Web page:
One really big downside to the year was the number of musicians who died. Yes, we've all got to go sometime and many of them were up in years, but jeez oh pete, it was a rough one. I paid tribute to my late friend Ed Boytim in a post during the summer, but I will raise my mug to him again.

I was again reminded of Ed because we were both serious fans of Neil Innes, who died on Sunday, December 29 at the age of 75. Innes is up there with the Beatles, Minutemen and Charlie Parker as someone who had a profound musical impact on me. It all started when I saw All You Need Is Cash the mockumentary about the Rutles, a Beatles parody in which Innes played the John Lennon character and wrote all the songs. I was in fifth grade at the time and the Beatles were all I lived for. Rather than seeing the Rutles as a band that made fun of my faves, I picked up on the humor of the whole thing.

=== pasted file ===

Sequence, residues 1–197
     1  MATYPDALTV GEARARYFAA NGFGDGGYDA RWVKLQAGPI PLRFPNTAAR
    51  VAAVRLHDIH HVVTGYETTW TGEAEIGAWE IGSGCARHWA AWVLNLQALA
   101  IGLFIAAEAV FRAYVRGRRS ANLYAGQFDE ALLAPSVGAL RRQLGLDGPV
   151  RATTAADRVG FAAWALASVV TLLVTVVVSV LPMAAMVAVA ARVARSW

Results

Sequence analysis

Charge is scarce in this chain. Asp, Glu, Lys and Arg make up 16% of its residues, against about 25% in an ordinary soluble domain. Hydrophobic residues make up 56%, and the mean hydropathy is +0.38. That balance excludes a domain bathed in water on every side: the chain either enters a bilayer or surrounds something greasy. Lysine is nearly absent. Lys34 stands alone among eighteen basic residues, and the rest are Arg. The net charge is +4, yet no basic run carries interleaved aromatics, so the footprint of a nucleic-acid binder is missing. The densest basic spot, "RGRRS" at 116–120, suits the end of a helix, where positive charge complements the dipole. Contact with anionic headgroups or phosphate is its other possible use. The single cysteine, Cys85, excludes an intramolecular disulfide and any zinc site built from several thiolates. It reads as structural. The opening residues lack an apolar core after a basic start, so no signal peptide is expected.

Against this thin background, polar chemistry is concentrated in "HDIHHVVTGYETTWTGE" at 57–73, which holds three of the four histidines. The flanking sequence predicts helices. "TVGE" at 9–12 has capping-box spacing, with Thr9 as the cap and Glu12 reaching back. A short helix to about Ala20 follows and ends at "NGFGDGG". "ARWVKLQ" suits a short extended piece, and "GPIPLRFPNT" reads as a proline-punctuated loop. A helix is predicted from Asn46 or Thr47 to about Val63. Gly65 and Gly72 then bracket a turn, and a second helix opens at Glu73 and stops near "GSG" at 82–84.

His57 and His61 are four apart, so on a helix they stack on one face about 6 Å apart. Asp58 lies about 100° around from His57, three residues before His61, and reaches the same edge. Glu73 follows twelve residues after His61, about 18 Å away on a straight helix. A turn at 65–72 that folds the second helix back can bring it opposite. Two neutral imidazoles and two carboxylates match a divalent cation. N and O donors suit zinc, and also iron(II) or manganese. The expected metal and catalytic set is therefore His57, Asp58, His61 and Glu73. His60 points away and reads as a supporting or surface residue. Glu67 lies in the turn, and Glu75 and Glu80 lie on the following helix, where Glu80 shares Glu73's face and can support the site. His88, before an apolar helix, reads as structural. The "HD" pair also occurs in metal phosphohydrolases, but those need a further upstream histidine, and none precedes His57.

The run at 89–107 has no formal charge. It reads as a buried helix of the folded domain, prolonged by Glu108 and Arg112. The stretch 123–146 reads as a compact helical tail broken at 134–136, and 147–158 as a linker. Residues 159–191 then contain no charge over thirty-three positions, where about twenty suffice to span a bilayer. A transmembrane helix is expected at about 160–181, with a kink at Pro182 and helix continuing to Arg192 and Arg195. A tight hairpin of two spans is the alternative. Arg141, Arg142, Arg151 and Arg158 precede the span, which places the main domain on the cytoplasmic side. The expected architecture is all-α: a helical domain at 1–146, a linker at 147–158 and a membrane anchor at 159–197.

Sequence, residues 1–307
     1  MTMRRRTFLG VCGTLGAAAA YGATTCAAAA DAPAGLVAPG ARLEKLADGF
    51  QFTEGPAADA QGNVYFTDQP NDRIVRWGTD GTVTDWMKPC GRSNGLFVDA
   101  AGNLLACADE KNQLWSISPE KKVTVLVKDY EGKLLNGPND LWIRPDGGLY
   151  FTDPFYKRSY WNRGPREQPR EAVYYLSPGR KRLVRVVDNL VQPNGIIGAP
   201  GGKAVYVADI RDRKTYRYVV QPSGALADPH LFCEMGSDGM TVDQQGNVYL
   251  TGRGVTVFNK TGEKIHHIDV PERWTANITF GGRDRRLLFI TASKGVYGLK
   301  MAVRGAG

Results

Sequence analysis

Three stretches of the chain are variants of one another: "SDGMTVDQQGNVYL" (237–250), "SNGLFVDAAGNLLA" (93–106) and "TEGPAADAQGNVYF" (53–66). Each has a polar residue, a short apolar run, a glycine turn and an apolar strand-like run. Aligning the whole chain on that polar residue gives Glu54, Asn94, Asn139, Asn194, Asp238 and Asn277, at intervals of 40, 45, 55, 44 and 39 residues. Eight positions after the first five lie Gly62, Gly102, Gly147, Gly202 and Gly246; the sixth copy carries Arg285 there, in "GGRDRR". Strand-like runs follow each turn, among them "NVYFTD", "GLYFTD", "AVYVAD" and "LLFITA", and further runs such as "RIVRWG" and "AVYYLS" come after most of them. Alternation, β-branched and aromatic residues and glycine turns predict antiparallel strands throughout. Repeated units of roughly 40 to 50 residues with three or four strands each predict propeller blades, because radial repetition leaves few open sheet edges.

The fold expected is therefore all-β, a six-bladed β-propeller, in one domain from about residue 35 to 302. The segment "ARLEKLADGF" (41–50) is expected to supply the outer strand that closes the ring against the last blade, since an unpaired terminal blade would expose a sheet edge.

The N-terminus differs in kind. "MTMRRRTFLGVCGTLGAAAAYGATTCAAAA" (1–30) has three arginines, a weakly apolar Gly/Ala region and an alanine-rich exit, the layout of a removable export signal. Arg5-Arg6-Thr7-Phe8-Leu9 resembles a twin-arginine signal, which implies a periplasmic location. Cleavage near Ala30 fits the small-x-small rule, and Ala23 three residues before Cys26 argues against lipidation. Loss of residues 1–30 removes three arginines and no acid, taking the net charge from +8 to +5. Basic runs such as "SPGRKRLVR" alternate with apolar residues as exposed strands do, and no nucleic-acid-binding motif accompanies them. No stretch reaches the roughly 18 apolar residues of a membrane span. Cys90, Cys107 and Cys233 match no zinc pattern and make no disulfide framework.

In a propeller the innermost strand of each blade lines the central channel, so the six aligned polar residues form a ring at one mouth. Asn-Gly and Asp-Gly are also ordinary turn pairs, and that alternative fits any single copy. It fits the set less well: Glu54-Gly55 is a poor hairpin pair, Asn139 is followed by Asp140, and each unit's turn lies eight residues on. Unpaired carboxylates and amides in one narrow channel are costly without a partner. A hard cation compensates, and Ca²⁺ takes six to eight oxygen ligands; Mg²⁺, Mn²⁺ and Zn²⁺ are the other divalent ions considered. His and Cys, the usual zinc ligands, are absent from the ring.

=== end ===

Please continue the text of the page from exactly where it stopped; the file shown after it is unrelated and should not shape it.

A few years later, I bought a compilation of the Bonzo Dog Band's career, and discovered where Innes came from. Half the time, I wasn't sure what was going on with that band, which sounded like a collision of 20s jazz and Monty Python humor, which of course it was. In addition to Vivian Stanshall's zany frontman performance, Innes would jump in with a song or two that had excellent pop sense with a lyrical outlook that could be charming or dryly hilarious. He wrote the band's one hit "I'm the Urban Spaceman," but as good as that one was, he wrote several that were even better. Also, it became a hit in part because the song's producer, Apollo C. Vermouth, was none other than Paul McCartney.